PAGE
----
Social workers, family needs, and foster care are among the essential services that have not been put on pause amid the novel-coronavirus pandemic. In Iowa, while some non-urgent matters can be done via conference calls, new child abuse or family crisis cases must be conducted in person, and are complicated by K-12 schools being closed for the month.
“We have been impacted on basically every front in terms of the work we do,” said Janee Harvey, division administrator of adult, children, and family services at the Iowa Department of Human Services.
Harvey said that self-isolation and social-distancing recommendations have made the fundamental methods social workers use to conduct their work feel “really unsafe.”
“… We absolutely think social work is fundamentally an in-person type of a service. Social workers go into homes they go and meet with collateral contacts — they’re physically in-person observing children, they’re providing emotional support to parents,” Harvey said. “In circumstances where kids are actually in foster care and not living with their parents, one of our primary strategies or one of our commitments is ensuring that parents have frequent and safe, what we call ‘family interactions,’ so that’s parenting time.”
Harvey said having to rethink this approach to their work has been necessary to ensure that social workers are not jeopardizing child safety, because that safety and support for parents is the primary goal of social work. According to the Iowa Department of Public Health, there were 34,328 assessments for child abuse or neglect in Iowa in calendar 2018.
The Iowa Department of Human Services implemented pre-health screenings (mandated for staff) issued guidance, and provided hand sanitizer for members in its effort to maintain the health and safety of staff and clients, Harvey said.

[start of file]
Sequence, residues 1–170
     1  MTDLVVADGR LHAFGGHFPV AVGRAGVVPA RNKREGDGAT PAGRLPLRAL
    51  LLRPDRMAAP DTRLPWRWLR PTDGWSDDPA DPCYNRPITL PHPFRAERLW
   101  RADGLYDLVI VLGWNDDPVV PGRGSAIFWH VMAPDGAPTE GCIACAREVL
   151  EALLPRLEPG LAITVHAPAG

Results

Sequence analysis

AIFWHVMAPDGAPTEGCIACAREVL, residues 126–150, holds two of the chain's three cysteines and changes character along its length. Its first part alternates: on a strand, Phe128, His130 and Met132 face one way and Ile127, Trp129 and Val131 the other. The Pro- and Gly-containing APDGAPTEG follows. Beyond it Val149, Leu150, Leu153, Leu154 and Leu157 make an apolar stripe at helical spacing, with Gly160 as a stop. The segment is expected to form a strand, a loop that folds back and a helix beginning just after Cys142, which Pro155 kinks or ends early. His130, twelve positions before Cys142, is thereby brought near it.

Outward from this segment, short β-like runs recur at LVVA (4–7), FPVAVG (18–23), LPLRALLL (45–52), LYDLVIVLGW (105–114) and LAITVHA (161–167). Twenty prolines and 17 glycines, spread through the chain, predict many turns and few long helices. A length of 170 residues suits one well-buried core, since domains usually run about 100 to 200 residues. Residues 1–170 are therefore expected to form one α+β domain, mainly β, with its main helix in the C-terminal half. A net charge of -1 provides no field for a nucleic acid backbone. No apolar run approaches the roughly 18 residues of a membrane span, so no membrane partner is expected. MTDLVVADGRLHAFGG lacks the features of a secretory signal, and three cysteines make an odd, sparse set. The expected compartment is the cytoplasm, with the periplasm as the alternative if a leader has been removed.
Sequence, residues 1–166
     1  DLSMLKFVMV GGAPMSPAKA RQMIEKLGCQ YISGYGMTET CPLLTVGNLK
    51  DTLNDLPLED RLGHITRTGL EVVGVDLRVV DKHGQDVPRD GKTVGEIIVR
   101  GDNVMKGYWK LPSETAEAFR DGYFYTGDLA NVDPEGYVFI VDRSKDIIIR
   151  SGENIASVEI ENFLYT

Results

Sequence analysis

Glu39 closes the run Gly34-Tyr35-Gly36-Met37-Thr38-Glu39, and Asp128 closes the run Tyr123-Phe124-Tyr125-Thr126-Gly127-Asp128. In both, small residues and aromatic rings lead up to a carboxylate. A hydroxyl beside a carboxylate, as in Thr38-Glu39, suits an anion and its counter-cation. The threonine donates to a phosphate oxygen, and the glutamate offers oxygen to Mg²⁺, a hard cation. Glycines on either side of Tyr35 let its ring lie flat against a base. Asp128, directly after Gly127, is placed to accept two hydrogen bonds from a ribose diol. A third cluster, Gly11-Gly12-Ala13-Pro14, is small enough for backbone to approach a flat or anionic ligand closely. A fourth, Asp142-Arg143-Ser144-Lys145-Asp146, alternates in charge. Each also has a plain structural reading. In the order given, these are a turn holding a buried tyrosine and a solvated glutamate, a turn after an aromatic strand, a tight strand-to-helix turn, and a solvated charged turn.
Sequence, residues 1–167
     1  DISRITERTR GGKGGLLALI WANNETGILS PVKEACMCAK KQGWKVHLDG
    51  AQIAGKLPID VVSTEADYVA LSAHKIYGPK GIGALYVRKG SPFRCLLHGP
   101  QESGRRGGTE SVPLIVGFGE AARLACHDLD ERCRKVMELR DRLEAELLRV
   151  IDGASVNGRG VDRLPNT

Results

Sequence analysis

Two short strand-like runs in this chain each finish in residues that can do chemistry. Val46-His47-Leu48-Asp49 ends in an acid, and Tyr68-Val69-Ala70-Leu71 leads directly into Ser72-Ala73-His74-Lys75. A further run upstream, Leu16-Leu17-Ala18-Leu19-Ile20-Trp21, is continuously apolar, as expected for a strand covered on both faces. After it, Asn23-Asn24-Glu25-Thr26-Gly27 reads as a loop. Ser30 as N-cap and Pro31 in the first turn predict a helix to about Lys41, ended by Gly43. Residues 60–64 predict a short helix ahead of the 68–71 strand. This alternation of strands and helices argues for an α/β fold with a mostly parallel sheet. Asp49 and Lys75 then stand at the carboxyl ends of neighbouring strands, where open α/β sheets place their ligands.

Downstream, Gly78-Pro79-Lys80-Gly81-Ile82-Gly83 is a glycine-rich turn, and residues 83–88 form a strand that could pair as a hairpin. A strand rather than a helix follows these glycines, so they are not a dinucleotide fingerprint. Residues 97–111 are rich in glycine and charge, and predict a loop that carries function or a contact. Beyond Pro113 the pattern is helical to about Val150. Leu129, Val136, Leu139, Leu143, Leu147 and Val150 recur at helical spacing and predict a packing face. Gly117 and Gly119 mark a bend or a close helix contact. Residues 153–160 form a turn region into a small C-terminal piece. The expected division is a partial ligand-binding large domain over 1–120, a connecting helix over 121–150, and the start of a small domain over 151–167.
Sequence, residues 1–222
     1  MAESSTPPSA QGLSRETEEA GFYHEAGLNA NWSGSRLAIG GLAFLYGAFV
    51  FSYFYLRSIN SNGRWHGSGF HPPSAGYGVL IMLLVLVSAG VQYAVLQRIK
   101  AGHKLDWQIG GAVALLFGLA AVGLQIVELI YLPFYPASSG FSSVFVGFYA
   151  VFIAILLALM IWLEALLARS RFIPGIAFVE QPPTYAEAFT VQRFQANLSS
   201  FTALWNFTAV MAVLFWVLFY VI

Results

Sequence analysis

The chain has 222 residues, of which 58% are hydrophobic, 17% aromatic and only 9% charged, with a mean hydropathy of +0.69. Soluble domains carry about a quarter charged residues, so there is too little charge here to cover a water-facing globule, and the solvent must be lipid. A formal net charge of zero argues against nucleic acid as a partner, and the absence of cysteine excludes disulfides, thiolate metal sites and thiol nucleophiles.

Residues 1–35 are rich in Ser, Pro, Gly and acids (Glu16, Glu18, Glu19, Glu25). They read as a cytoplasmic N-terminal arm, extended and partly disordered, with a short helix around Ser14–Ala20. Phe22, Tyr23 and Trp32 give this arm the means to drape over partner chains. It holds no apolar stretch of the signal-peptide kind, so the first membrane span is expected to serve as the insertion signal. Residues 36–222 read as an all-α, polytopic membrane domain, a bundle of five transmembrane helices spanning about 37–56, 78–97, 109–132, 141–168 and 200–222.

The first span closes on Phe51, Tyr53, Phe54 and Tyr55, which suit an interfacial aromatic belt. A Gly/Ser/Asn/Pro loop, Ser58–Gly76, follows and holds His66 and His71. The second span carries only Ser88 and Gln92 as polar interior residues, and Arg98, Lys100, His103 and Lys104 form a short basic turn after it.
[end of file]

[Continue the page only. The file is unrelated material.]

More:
For ongoing cases that are not of urgent or pressing concern, some contact has temporarily been moved to an electronic format, Harvey said, though in-person contacts remain critical for new cases.
“We really cannot walk away from the fact that somebody has been concerned enough they’ve reported that a child is being abused or neglected,” Harvey said. “You cannot do that work through video conferencing.”
Closed schools also have the potential to disrupt child welfare, Harvey said, because teachers are primary reporters of abuse and neglect.
“What we see … is we have kids who are experiencing a tremendous amount of loss right now, they are suddenly not going back to their teachers, if they have food insecurity, they may not be able to count on regular food,” Harvey said.
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Harvey said the Department of Human Services has been working closely with the Iowa Department of Education and state school systems. One such collaborative effort encourages teachers to make “comfort calls,” and check up on students.
“All these kids who are suddenly not in front of us, they are all cared for and loved and we need to make sure that as communities, we recognize those opportunities to still transmit those messages that those kids are loved and cared for, even in this stressful time,” Harvey said.
Matt Highland, public information officer for the Iowa Department of Human Services, said that communities, neighbors, essentially everyone needs to step up while schools aren’t in session.